...Yulan Xiong; Valina L. Dawson; Ted M. Dawson Mutations in the LRRK2 (leucine-rich repeat kinase 2) gene are the most frequent genetic cause of PD (Parkinson's disease), and these mutations play important roles in sporadic PD. The LRRK2 protein contains GTPase and kinase domains and several protein...
Articles
Biochem Soc Trans (2012) 40 (1): 257–261.
Published: 19 January 2012
... functions of prominent members of the group, such as PtdIns(3,4,5) P 3 , the product of the critically important Class I PI3Ks (phosphoinositide 3-kinases), are understood in detail. In contrast, much less is known about other phosphoinositides. In particular, the monophosphorylated phosphoinositide...
Articles
Biochem Soc Trans (2012) 40 (1): 67–72.
Published: 19 January 2012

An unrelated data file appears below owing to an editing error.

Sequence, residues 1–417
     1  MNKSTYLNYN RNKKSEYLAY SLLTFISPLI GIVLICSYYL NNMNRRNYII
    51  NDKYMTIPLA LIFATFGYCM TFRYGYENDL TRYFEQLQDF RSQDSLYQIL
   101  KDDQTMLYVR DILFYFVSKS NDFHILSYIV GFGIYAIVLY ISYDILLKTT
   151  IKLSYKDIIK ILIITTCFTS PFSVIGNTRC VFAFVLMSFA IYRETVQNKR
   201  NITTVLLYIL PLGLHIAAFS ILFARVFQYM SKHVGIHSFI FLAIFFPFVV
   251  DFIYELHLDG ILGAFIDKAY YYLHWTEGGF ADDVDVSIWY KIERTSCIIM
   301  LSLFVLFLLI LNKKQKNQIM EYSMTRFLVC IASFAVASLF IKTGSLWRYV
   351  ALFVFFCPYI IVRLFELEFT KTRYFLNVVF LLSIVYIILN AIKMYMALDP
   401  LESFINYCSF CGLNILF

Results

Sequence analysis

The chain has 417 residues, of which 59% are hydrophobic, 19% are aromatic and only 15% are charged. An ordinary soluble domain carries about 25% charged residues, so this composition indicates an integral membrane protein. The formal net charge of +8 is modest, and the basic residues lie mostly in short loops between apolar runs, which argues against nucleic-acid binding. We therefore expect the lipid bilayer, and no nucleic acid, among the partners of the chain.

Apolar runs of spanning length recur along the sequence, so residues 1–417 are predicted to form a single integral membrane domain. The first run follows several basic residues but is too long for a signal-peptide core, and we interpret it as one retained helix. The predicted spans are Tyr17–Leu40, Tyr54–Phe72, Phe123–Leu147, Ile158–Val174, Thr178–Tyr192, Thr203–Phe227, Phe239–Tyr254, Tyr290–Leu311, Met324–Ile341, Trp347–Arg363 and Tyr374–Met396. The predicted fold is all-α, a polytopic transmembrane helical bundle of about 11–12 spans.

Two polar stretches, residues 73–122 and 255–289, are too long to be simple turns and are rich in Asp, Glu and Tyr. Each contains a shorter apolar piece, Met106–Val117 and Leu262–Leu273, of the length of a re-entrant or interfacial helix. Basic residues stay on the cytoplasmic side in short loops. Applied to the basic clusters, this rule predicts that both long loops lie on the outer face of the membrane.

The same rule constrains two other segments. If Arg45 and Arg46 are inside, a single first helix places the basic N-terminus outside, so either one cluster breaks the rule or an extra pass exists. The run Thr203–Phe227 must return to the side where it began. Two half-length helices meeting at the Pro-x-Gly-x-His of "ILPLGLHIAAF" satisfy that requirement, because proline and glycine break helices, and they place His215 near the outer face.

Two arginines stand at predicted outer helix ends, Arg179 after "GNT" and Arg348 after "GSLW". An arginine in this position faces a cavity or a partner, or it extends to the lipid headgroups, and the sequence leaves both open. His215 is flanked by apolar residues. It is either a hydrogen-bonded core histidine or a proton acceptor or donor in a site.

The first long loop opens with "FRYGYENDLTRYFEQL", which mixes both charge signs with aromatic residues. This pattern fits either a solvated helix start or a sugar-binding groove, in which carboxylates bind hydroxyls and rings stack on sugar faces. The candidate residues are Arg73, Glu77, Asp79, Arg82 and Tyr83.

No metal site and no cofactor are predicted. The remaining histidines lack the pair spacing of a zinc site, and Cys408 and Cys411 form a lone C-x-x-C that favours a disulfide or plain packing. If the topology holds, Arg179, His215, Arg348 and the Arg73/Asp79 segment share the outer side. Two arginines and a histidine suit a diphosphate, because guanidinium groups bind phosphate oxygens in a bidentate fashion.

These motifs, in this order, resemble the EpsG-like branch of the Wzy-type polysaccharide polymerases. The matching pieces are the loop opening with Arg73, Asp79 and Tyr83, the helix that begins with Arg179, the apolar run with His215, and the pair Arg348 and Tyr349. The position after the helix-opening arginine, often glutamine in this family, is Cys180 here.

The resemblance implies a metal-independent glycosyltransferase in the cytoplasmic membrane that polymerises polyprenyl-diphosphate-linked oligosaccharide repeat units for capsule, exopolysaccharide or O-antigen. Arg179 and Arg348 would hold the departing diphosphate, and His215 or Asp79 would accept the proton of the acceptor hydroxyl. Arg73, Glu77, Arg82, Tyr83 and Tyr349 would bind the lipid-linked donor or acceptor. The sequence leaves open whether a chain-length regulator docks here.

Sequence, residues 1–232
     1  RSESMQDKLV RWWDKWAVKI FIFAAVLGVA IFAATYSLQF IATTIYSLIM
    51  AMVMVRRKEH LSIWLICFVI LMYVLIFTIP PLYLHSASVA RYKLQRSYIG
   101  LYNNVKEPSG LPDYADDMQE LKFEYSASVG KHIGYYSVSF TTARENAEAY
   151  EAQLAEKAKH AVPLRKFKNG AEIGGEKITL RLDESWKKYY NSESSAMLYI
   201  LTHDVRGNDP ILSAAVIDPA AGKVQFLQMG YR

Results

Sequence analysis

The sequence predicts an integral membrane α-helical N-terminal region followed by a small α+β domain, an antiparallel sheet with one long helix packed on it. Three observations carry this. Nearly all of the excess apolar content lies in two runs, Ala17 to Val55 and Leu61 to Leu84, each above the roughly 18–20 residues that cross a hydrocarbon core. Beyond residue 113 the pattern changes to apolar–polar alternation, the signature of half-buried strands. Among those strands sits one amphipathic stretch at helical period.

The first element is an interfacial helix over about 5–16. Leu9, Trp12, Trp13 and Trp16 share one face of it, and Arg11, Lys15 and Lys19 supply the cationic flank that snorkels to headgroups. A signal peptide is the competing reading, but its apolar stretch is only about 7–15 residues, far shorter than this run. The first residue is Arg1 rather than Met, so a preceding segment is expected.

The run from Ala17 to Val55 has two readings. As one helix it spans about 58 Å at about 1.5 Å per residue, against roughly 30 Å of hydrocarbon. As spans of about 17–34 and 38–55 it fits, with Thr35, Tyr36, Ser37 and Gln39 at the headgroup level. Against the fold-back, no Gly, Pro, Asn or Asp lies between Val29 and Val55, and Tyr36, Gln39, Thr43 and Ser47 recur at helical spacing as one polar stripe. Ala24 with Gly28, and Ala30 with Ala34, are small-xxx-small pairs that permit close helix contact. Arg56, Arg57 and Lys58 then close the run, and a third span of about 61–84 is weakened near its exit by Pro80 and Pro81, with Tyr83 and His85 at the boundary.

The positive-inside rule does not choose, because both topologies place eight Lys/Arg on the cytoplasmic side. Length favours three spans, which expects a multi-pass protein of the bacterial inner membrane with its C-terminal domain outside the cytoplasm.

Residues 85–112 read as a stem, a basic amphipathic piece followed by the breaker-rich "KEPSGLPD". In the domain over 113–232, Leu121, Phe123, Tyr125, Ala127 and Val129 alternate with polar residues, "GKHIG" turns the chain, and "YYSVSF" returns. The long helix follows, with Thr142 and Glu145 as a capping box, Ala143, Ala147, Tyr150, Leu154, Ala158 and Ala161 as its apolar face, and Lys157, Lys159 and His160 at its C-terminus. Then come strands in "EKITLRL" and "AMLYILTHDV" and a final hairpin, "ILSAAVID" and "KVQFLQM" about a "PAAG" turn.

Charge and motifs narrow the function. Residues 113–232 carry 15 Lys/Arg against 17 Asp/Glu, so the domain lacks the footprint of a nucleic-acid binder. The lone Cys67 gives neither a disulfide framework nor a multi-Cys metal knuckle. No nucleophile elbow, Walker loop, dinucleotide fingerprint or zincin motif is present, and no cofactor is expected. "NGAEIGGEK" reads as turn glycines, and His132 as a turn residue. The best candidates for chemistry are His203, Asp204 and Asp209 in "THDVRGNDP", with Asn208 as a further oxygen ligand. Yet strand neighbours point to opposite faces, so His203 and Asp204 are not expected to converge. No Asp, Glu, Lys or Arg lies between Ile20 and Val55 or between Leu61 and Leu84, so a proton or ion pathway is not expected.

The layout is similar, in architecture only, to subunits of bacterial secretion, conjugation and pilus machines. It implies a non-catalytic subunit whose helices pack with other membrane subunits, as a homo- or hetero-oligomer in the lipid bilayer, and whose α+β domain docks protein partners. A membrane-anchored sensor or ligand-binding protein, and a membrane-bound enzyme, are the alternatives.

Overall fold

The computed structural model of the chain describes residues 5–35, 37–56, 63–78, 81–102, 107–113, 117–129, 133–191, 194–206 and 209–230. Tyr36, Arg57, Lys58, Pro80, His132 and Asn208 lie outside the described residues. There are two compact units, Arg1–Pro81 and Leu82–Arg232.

... cues. This has been particularly elucidated for the Ras/Raf/MEK [mitogen-activated growth factor/ERK (extracellular-signal-regulated kinase) kinase]/ERK signalling pathway with a number of studies in fibroblasts showing that sustained ERK signalling is a requirement for S-phase entry, whereas transient...
Articles
Biochem Soc Trans (2010) 38 (4): 1012–1015.
Published: 26 July 2010
... in interactions with actin BMC Cell Biol. 2009 10 81 9 Lee G. Newman S.T. Gard D.L. Band H. Panchamoorthy G. Tau interacts with src-family non-receptor tyrosine kinases J. Cell Sci. 1998 111 3167 3177 10 Reynolds C.H. Garwood C.J. Wray S. Price C...
Articles
Biochem Soc Trans (2010) 38 (4): 928–933.
Published: 26 July 2010
.... Despite the obvious and significant differences between these quite different physicochemical stimuli, the result is the same: the stressosome is phosphorylated by a key kinase to initiate the σ B cascade. The phosphorylation of the stressosome initiates a signal transduction system that up-regulates...
Articles
Biochem Soc Trans (2009) 37 (5): 971–975.
Published: 21 September 2009
...Geert J.P.L. Kops Error-free chromosome segregation during cell division relies on chromosome biorientation and mitotic checkpoint activity. A group of unrelated kinases controls various aspects of both processes. The present short review outlines our current understanding of the roles...